"The more I saw how things were done in Europe, and not racing on drugs, the less I wanted to continue my involvement in U.S. racing,” Minton said. “I had been growing more disturbed by the monthly bills for horses I had shares in containing large amounts of drugs and medication for horses with no disclosed injury or illness. I came to believe, rightly or wrongly, the management of these partnerships cared little about trying to control what appeared to me unnecessary veterinary costs.

“English racing was another problem, prize-money for handicap and maiden races being simply far too low for me to continue, although I still maintain my annual Elite Racing membership – it’s not expensive at $155 to renew from August 2013 – as it’s fun to read their latest racing and breeding information in the club’s weekly newsletters and interact with other members on Elite’s Facebook page.” 

Minton then took the decision to concentrate her racing interests solely in France.

"I needed to have an exit plan," she said. "Gina was able to give me the peace of mind if things didn't work out. I could be out in 30 days. It always looked a good deal, with basic daily training costs at Gina’s stable €55 ($76) a day and, unlike in the States, no bills for unnecessary drugs. Added to this, transport costs to a PMU [Pari-Mutuel Urbain] race meeting are paid by France Galop and there’s great prize-money, plus the bonus of extra prize-money premiums for French-breds in open races.”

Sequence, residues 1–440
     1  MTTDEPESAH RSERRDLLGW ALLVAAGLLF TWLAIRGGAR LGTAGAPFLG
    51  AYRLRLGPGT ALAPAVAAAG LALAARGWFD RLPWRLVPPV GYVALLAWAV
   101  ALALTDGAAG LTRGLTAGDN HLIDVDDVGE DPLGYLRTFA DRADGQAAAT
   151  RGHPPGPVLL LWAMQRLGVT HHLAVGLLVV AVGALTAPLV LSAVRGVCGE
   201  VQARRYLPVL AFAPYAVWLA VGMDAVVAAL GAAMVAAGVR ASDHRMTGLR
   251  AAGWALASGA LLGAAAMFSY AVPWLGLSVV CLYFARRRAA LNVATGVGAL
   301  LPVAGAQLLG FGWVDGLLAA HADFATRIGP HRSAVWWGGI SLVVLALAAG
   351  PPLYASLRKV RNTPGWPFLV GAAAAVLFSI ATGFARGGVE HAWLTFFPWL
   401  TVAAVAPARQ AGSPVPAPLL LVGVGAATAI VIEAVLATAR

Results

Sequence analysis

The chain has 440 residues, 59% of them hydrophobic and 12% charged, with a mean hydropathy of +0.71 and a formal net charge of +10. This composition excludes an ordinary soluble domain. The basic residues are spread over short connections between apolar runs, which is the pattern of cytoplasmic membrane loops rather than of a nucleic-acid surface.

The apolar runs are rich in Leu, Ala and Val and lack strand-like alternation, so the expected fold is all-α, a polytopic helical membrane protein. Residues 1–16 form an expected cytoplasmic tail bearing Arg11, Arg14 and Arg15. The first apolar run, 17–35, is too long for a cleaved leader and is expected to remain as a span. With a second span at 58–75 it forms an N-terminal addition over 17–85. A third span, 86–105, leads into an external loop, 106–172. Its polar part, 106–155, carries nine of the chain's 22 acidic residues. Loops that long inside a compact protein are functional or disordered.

Minton had shares in about 30 racehorses in the U.S. during a seven-year period, but barely recalls most of them.

“The majority weren't around long enough to imprint themselves on you, being claimed from us after racing once - or not even running again due to soundness issues," she said.

“I can still vividly recall Landler, who won several races for my Hampshire partnership - including my first success with them, courageously winning the Claiming Crown Express Stakes at Canterbury Park, Minnesota, in 2003 after looking beaten. For sheer courage, though, the 9-year-old gelding Hard Way’s performances in France take some beating. He gave me a first French win at Saint Cloud in May 2012, then a second at Longchamp in July 2013 after a miraculous comeback to the track from a possible life-threatening neck injury in 2011.”

She has had shares in four horses with Gina Rarick to date, including Hard Way and Grey Falcon, who carried her silks in 2013 before retirement. 

This year, Minton flew over from Virginia for the annual Cagnes Sur Mer winter meetings in southeastern France during February – even though she didn’t have a runner.

“Being without a runner is not a problem, as I can’t think of a better place in February to be than Cagnes,” she said. “I know most of Gina’s owners and enjoy meeting them and cheering on their horses. But I will soon be back in business with a half share in a promising 2-year-old by American Post. I am looking forward to seeing how my new colt develops over the coming months. Isn’t that what racing is all about, the hopes and promises?”

View Comments
blog comments powered by Disqus

More Jockeys, Owners and Trainers Articles

By the same author